www.websitename.com as the canonical form we are saying that we to "replace" the URLs:
But how do we go about "replacing" one URL with another? You can ensure that any internal links within your website refer to the canonical format, but what's to stop some other website from linking to one of the non-canonical forms? As we'll see in this article, you can't replace the non-canonical URLs; instead, you can issue permanent redirects from non-canonical URLs to the canonical form as well as include markup that gives search engines a hint as to the canonical form.
URL Normalization Using Permanent Redirects
Every ASP.NET developer is familiar with the
Response.Redirect(url)method, which redirects a visitor from the page they requested to the specified url.
Response.Redirectworks by returning a 302 HTTP status code and a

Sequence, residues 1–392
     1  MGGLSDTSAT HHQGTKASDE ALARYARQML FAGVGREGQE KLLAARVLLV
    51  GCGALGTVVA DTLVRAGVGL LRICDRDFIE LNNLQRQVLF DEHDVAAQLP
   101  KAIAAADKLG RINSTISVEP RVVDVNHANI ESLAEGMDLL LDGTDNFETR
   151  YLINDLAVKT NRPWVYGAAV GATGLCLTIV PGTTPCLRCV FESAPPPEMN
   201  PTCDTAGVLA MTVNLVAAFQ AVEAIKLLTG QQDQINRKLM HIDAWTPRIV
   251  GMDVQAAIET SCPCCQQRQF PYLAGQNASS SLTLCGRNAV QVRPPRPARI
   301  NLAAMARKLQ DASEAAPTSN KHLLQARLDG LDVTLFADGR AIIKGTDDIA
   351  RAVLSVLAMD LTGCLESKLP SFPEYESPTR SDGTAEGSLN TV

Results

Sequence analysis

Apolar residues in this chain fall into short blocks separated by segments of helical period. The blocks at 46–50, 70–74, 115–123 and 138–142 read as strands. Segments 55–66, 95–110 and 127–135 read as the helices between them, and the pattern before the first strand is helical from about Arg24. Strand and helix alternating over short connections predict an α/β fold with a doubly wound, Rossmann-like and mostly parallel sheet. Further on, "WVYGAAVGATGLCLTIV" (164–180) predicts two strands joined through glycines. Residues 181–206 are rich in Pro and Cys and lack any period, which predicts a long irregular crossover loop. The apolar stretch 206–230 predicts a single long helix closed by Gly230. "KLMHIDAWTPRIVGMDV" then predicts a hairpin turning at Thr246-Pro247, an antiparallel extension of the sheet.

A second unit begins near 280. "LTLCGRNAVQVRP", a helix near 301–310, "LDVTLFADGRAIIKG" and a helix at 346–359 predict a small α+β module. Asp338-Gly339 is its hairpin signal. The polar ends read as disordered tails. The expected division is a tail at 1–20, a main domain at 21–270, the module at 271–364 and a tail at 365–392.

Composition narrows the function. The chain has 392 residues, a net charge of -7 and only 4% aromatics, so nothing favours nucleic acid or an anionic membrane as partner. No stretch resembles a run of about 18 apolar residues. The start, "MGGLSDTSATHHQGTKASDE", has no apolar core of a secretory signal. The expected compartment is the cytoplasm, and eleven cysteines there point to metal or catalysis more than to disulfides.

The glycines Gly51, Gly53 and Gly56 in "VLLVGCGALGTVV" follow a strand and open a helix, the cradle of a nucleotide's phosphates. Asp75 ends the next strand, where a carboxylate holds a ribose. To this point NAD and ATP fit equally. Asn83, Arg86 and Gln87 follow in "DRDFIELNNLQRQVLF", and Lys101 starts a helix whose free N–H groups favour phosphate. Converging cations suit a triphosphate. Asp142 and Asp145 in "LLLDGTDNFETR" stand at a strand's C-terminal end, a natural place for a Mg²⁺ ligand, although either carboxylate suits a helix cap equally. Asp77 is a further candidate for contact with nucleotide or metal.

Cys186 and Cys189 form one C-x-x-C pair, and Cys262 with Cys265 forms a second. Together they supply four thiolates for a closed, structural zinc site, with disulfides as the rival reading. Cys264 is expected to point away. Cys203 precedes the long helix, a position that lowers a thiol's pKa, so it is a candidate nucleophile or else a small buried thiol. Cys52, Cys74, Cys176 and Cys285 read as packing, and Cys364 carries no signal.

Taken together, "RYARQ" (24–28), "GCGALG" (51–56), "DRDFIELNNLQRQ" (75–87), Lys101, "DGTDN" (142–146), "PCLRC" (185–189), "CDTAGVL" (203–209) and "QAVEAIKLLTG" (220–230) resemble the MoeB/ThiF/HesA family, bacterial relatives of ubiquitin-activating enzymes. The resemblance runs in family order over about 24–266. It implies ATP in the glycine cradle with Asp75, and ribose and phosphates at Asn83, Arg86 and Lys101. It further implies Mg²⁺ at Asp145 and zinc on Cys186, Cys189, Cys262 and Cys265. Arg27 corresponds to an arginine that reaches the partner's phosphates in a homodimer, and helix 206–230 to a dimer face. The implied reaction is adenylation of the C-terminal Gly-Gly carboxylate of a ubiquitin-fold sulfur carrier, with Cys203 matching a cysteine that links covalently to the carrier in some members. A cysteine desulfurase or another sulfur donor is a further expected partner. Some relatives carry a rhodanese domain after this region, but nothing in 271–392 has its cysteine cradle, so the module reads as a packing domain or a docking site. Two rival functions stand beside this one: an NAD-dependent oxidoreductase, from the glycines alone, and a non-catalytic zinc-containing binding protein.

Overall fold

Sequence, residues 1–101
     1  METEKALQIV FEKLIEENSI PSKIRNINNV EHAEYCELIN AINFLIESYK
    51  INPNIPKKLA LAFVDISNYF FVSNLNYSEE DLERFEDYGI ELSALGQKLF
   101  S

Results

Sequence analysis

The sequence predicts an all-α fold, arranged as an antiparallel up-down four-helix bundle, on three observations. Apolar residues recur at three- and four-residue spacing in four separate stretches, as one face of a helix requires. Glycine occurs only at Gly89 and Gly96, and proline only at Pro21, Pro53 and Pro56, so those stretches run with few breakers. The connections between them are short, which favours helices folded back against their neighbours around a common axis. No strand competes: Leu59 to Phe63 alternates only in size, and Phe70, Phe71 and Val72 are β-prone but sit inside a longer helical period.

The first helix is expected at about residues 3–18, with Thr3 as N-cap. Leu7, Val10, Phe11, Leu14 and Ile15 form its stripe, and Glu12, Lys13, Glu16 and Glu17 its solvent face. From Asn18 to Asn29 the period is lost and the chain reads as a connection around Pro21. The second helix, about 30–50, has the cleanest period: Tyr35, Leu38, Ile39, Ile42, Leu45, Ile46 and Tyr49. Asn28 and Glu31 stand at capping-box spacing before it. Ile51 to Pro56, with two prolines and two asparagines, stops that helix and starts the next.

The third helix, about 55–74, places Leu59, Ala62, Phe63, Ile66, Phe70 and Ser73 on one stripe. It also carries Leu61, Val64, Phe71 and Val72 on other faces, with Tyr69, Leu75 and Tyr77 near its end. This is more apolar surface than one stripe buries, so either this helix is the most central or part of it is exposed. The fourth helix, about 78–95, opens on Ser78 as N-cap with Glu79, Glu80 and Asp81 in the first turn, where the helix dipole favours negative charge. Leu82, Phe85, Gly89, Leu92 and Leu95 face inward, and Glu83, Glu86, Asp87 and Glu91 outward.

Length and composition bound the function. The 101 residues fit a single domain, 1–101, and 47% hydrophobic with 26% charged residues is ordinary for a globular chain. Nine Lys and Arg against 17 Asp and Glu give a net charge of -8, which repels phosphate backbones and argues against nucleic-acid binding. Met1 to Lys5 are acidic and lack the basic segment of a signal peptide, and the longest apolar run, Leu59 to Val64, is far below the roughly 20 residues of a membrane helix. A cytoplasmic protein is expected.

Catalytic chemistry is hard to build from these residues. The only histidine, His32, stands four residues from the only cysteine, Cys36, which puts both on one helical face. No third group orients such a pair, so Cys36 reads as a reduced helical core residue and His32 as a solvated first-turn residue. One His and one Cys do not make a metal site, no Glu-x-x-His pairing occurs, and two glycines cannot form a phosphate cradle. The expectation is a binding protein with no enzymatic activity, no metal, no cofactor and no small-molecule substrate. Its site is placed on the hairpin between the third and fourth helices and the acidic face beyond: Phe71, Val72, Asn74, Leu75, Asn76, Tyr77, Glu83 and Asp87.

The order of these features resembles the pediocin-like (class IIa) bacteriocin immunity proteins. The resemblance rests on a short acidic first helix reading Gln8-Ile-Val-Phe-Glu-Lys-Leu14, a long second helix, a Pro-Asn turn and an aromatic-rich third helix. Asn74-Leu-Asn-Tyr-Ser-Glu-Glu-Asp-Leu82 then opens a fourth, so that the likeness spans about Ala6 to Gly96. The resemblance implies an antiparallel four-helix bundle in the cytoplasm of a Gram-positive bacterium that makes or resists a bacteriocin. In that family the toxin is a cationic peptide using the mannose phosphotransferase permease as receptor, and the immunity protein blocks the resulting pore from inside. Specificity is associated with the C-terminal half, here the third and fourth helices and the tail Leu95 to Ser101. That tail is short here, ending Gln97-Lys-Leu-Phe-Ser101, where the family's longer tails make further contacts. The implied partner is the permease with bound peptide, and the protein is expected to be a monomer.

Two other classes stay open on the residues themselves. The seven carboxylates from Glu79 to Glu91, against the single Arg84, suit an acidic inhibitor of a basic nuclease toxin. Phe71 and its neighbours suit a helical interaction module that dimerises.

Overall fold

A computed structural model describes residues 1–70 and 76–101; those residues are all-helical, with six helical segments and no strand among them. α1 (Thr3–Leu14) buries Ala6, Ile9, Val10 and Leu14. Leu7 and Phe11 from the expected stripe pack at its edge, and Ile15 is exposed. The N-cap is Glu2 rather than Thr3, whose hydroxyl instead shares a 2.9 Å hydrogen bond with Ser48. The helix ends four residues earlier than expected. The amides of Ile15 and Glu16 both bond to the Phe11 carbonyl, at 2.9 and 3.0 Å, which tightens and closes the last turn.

LocationHTTP header to the client. The
Locationheader indicates the URL to which the requested resource has moved. The 302 status code indicates that the resource being requested has temporarily moved to a new URL. A client - such as a search engine spider - that receives a 302 status will continue to try the original URL for future requests. There is an alternative status code, 301, that should be used if the resource has been moved permanently.
From an end user's experience, the 301 and 302 redirects behave the same - they are redirected to the specified URL. However, when a search engine spider receives a 301
status it updates its index with the new URL. Therefore, if anytime a request comes in for a non-canonical URL we immediately issue a permanent redirect to the same
page but use the canonical form then a search engine spider crawling our site will only maintain the canonical form in its index. That means that it doesn't matter
if other websites link to our homepage using a non-canonical format like
because a permanent redirect will send the user to
http://www.yoursite.com and, in the case of a search engine spider, instruct it to update its index
to use the canonical form.